Chimeric RHDV virus-like particles displaying foot-and-mouth disease virus epitopes elicit neutralizing antibodies and confer partial protection in pigs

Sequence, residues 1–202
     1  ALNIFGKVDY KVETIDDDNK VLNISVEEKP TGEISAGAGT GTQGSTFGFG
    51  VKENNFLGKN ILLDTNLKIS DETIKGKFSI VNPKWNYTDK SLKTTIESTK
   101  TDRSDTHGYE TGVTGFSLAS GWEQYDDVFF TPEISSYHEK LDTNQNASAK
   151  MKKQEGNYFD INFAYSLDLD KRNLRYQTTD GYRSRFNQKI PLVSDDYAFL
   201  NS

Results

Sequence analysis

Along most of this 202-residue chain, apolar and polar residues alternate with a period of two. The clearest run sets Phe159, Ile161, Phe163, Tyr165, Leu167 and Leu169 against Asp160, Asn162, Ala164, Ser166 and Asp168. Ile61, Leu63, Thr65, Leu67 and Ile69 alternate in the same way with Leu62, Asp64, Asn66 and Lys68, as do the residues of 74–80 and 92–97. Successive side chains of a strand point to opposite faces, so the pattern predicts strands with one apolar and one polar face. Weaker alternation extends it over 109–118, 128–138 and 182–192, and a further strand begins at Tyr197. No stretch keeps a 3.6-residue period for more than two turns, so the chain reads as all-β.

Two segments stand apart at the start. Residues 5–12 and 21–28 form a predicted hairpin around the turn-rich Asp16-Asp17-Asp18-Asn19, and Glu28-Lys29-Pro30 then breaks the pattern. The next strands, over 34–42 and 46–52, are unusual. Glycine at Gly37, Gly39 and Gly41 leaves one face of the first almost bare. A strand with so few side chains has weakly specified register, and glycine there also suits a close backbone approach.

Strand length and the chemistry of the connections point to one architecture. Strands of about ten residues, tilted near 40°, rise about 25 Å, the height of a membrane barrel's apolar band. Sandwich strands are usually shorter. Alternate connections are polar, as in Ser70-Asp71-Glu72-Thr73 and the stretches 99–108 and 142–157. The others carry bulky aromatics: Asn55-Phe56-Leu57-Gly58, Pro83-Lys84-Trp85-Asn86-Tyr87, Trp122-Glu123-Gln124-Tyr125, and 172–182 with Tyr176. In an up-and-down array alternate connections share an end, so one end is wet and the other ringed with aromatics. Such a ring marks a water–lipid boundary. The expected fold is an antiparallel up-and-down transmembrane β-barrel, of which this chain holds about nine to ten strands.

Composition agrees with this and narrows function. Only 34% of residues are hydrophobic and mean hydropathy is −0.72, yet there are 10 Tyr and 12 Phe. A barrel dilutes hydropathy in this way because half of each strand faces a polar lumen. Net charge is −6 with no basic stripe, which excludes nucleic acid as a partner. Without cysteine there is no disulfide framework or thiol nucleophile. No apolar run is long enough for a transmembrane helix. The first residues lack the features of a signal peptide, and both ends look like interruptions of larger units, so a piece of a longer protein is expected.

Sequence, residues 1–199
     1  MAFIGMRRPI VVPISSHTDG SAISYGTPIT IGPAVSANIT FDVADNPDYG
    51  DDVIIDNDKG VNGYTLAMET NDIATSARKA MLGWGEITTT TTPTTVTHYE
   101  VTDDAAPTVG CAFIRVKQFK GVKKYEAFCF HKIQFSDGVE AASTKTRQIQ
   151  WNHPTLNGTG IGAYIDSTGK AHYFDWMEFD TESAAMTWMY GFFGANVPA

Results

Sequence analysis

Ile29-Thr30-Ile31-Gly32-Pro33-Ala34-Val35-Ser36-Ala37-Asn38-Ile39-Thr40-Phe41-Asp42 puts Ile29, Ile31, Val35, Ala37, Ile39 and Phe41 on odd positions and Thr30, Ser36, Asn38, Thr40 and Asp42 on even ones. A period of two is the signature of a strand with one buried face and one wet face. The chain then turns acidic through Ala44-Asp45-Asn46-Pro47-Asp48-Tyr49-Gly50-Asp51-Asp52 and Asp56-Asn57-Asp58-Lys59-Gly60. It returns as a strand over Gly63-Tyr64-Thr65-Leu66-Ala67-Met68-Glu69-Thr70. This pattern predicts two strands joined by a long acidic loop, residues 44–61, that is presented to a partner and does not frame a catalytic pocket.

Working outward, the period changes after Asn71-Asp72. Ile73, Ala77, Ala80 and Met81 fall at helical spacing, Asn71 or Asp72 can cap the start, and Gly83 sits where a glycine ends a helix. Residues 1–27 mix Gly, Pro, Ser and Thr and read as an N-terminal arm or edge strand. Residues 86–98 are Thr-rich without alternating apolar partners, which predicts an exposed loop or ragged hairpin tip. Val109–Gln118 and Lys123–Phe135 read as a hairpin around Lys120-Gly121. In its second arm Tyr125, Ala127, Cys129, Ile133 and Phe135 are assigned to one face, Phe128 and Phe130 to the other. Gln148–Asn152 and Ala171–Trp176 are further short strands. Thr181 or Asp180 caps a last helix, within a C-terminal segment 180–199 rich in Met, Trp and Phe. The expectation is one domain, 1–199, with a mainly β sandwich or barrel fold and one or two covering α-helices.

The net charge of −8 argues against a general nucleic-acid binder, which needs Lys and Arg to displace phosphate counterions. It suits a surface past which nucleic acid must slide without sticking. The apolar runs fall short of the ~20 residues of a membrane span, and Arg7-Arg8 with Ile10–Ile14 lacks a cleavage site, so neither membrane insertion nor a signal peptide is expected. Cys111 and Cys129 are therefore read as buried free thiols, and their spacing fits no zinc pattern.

Currently there is a clear trend towards the establishment of virus-like particles (VLPs) as a powerful tool for vaccine development. VLPs are tunable nanoparticles that can be engineered to be used as platforms for multimeric display of foreign antigens. We have previously reported that VLPs derived from rabbit hemorrhagic disease virus (RHDV) constitute an excellent vaccine vector, capable of inducing specific protective immune responses against inserted heterologous T-cytotoxic and B-cell epitopes. Here, we evaluate the ability of chimeric RHDV VLPs to elicit immune response and protection against Foot-and-Mouth disease virus (FMDV), one of the most devastating livestock diseases. For this purpose, we generated a set of chimeric VLPs containing two FMDV-derived epitopes: a neutralizing B-cell epitope (VP1 (140-158)) and a T-cell epitope [3A (21-35)]. The epitopes were inserted joined or individually at two different locations within the RHDV capsid protein. The immunogenicity and protection potential of the chimeric VLPs were analyzed in the mouse and pig models. Herein we show that the RHDV engineered VLPs displaying FMDV-derived epitopes elicit a robust neutralizing immune response in mice and pigs, affording partial clinical protection against an FMDV challenge in pigs.